K-State researcher awarded $2.6 million to fight African swine fever

Research to identify which ASFV proteins induce protective immune responses; differentiate infected pigs from vaccinated ones.

April 29, 2024

2 Min Read

A Kansas State University researcher has new support to battle one of the biggest global threats to pigs and swine production, which is a $57-billion-dollar industry in the United States.

The Foundation for Food & Agriculture Research, or FFAR, recently awarded a $1 million Seeding Solutions Grant to Waithaka Mwangi, immunology professor in the department of diagnostic medicine and pathobiology in K-State's College of Veterinary Medicine, to support his ongoing work to develop safe and rapidly deployable vaccines to prevent African Swine Fever virus.

Elanco Animal Health, K-State's Office of the Vice President for Research, Kansas State University Innovation Partners and MEDIAN Diagnostics Inc. provided matching funds for a $2,645,427 total investment.

ASFV is a highly contagious, fatal disease in pigs that spreads rapidly. Currently, there is no commercially available treatment or vaccine for the virus.

That's why Mwangi and his team are working urgently to develop and validate a promising vaccine that could protect pigs from the virus.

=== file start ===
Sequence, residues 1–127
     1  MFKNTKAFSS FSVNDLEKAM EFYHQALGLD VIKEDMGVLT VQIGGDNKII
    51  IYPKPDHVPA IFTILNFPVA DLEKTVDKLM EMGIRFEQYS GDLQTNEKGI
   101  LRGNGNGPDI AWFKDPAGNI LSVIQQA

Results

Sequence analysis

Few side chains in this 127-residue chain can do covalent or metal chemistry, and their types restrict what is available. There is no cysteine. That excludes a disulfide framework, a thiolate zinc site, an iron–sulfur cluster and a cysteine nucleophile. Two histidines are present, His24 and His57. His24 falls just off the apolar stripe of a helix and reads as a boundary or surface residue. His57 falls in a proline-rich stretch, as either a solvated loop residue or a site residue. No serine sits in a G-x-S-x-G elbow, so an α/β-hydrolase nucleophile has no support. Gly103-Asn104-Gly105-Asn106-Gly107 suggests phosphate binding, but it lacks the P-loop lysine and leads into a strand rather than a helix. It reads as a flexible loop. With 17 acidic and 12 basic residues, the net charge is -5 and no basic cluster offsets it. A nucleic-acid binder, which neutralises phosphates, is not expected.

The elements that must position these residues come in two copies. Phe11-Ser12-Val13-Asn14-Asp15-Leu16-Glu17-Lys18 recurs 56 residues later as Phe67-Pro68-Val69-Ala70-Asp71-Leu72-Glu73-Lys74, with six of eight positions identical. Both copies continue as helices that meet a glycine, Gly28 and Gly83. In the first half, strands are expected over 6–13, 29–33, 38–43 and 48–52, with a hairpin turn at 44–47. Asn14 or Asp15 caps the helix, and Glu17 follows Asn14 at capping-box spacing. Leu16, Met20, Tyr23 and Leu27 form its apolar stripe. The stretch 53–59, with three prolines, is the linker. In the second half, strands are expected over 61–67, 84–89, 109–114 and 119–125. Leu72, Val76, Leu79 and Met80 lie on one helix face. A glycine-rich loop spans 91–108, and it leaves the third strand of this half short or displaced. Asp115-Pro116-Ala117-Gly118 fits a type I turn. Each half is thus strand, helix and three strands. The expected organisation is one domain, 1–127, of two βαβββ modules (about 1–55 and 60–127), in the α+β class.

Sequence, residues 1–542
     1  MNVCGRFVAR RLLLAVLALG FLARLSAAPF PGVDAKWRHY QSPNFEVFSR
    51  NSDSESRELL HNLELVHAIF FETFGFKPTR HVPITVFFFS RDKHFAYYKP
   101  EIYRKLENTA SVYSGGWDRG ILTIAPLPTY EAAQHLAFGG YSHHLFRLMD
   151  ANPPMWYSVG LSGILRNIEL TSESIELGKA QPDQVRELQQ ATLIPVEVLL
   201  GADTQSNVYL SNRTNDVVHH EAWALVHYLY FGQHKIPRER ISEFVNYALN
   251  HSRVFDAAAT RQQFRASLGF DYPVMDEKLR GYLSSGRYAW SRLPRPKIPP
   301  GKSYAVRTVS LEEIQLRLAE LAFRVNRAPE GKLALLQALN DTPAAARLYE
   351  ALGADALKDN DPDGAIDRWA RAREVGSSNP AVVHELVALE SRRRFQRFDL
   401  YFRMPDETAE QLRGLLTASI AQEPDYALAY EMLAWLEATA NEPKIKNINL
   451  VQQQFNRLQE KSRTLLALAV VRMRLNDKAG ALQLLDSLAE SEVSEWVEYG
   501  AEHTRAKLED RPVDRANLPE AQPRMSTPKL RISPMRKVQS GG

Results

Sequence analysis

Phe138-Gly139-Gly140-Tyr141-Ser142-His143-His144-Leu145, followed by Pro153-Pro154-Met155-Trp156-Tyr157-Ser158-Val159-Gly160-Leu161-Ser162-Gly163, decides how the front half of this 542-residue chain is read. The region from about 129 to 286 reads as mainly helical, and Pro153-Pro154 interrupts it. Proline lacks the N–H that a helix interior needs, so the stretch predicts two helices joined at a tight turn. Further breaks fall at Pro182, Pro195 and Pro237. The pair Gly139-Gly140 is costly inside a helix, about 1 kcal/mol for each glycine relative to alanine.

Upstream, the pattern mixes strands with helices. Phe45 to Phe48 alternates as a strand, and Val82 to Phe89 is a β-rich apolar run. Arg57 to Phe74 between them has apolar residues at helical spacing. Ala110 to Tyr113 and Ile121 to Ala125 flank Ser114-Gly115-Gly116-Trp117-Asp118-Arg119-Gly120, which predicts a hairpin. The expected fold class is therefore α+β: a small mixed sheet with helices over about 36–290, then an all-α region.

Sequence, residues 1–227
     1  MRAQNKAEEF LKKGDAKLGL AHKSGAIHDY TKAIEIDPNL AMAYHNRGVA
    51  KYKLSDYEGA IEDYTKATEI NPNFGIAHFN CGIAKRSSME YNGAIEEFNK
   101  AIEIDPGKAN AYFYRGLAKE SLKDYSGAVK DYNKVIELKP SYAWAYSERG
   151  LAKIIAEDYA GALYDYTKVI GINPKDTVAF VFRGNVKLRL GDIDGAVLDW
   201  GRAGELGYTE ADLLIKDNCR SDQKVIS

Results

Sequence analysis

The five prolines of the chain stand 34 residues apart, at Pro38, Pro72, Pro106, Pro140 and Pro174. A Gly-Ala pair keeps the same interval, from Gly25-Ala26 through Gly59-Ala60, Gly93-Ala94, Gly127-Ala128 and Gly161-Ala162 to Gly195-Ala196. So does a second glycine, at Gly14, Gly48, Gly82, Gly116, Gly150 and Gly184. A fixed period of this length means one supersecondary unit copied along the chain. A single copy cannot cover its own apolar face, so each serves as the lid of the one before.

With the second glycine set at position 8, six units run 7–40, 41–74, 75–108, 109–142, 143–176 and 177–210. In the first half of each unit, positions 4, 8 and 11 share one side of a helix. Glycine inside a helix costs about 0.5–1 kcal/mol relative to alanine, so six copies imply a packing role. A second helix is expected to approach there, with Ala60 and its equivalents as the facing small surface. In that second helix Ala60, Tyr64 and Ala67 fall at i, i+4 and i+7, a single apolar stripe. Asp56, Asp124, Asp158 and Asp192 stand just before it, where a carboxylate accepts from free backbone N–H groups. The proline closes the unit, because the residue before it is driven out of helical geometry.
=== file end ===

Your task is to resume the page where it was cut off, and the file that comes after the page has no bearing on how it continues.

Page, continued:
"Certain proteins inherent within the virus can activate an immune response in swine," Mwangi said. "My research is identifying which ASFV proteins induce protective immune responses, the optimal dose, the most effective immunization platform and a way to differentiate infected pigs from vaccinated ones. This FFAR Seeding Solutions grant provides the funds for us to leverage additional stakeholder support needed to fund the necessary research to validate the effectiveness of a prototype vaccine that has already generated promising results."

Mwangi's work comes as swine producers urgently search for a way to protect their herds, since without a preventative vaccine or treatment, the only way to control ASFV is through enhanced biosecurity methods, such as quarantining or culling infected pigs.

ASFV has existed in Africa for decades, but the virus has started to spread globally, with cases detected recently in the Dominican Republic and Haiti.

Outbreaks in the U.S. would be staggeringly devastating — not just for the pork industry, but also for other agriculture commodities, such as corn and soy, that support it.

"Should the virus reach the U.S., outputs from this research could slow the virus's spread, protect millions of U.S. pigs and safeguard our food supply," said Jasmine Bruno, Ph.D., FFAR scientific program director for Cultivating Thriving Production Systems.

Additionally, Mwangi's research team is addressing safety concerns and production constraints that would allow regulatory agencies to approve the use of this vaccine.

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